The effect of fructosamine 3 kinase (FN3K) genotypes on the glycation gap in type 2 diabetic and non-diabetic mixed ancestry population of South Africa

Motshwari, Dipuo Dephney (2018-12)

Thesis (MMed)--Stellenbosch University, 2018.

Thesis

ENGLISH ABSTRACT: Introduction In2017 the International Diabetes Federation (IDF) reported that approximately 425 million adults aged 20-79 years were estimated to have diabetes mellitus (DM) worldwide. The nonenzymatic glycation reactions of proteins such as haemoglobin have been associated with the development of diabetic related complications. These reactions were believed to be irreversible until the discovery of a protein repair enzyme fructosamine 3 kinase (FN3K). This enzyme deglycates glycated haemoglobin (HbA1c) in erythrocytes and other glycated proteins in other tissues. Animal model studies found that the activity of this enzyme varies between individuals leading to differences in HbA1c levels. This results in discrepancies between HbA1c and other glycaemic measures which is termed the glycation gap. The glycation gap is consistent over time within individuals and is associated with diabetic complications. Genetic variants in the FN3K gene have been associated with altered enzyme activity. Therefore, the aim of this study was to examine the role of FN3K genotypes on the glycation gap Methods A total of 1412 subjects (925 normal, 216 pre-diabetic and 271 type 2 diabetics), with 339 males and 1073 females aged ≥ 20 years of mixed ancestry descent, residing in Bellville South, South Africa were included in this study. The diabetics were diagnosed using the oral glucose tolerance test. The glycation gap was determined according to a formula: Glycation gap= HbA1c - FHbA1c, (FHbA1c = {[(fructosamine- mean fructosamine)/SD fructosamine] X SD HbA1c} + mean HbA1c). DNA was extracted from whole blood using the salt extraction method. FN3K single nucleotide polymorphisms (SNPs) were genotyped with the Applied Biosystems™ QuantStudio™ 7 Flex Real-Time PCR System 96 well fast from Thermo Fisher Scientific. HbA1c was measured using HPLC (Biorad Variant Turbo) and fructosamine was measured using a colorimetric test nitro-blue-tetrazolium (NBT). Results SNP c. -232A/T deviated from Hardy Weinberg Equilibrium (HWE) and was left out for the rest of the statistical analysis. The polymorphism G900C followed the Hardy-Weinberg Equilibrium and was therefore studied. The genotype frequencies for SNP G900C in the glycaemic sub-groups were as follows, GG: 45.9 %, GC: 43.7 %, CC: 10.4 % in normal subjects; GG: 48.6 %, GC: 41.7 %, CC: 9.7% in pre-diabetics and GG: 41.7 %, GC: 46.5 %, CC: 11.8 % in diabetics, and they followed the Hardy-Weinberg equilibrium. There were no significant differences in the SNP G900C genotype frequencies between the glycaemic subgroups. The glycation gap significantly decreased across the GG, GC and CC genotype variants in males, mean ± SD were -0.13±0.86, -0.25±0.72 and -0.80±1.04 respectively, (P=0.0239). However the difference was not observed in females. Moreover the glycation gap showed a positive correlation with non glycaemic factors including body mass index (BMI) (r=0.3694, p<0.0001), waist circumference (waistC) (r=0.3749, p<0.0001), hip circumference (hipC) (r0.3151, p<0.0001), triglycerides (r=0.2540, p<0.0001) and a negative correlation with high density lipoprotein cholesterol (HDL-Chol) (r=-0.2031, p<0.0001). Conclusion In conclusion the present study found that the glycation gap might be influenced by genetic In conclusion the present study found that the glycation gap might be influenced by genetic active mechanisms in the intracellular erythrocyte compartment. Identification of the G900C polymorphism in an early stage of diabetes could be useful especially in therapeutic decisions and prediction of improved prognosis. However, there are other confounding factors influencing the glycation gap and future studies are required to confirm these findings.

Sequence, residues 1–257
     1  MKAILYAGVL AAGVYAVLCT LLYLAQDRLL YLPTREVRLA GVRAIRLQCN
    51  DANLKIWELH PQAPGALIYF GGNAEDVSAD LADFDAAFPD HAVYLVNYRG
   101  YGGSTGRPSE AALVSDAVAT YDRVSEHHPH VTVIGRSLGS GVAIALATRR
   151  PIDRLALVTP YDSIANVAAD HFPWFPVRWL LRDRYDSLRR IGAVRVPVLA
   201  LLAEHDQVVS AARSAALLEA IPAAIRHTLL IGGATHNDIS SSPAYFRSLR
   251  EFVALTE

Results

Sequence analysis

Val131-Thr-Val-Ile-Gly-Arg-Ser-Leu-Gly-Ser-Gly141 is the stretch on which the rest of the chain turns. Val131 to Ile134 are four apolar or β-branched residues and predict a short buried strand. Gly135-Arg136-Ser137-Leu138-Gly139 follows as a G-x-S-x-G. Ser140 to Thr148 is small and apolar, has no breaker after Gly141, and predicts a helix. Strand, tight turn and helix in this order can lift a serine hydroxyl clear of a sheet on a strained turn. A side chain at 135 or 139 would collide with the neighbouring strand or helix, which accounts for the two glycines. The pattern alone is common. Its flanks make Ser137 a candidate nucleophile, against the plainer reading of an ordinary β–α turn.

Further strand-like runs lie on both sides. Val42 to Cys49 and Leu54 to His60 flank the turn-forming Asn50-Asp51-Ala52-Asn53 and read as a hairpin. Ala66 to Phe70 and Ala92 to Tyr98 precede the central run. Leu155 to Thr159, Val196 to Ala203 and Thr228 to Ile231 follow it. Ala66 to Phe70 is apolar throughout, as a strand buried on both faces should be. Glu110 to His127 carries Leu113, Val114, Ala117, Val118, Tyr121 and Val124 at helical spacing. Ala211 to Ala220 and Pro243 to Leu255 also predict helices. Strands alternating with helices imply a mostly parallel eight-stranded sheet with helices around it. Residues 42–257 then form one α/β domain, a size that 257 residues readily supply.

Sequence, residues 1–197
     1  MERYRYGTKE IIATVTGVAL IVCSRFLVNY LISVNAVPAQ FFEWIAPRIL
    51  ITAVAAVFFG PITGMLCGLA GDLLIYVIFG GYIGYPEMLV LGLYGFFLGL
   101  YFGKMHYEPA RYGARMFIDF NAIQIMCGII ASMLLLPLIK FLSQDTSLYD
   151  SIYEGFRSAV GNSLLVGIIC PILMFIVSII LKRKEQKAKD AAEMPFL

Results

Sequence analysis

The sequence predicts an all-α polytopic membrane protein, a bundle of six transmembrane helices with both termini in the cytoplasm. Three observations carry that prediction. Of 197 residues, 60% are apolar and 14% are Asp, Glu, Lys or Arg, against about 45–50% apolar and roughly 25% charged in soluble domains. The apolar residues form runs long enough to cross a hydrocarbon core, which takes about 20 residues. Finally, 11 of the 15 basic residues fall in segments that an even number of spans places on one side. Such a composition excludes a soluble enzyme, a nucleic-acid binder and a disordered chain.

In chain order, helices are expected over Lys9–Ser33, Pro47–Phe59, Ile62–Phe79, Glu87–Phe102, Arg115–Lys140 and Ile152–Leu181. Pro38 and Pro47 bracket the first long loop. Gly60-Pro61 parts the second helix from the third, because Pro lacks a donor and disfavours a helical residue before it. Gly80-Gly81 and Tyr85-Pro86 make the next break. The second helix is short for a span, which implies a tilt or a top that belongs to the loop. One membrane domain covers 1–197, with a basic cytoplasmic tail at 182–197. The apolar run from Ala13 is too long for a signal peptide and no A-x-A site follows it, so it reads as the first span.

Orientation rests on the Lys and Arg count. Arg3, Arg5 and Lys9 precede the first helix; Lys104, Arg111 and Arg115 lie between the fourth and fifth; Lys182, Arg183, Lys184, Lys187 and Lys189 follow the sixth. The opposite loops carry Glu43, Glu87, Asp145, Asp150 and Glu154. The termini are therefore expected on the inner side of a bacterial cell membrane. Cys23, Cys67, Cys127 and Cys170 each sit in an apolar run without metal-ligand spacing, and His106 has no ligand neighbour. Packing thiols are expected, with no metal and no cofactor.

AFRIKAANSE OPSOMMING: Geen opsomming

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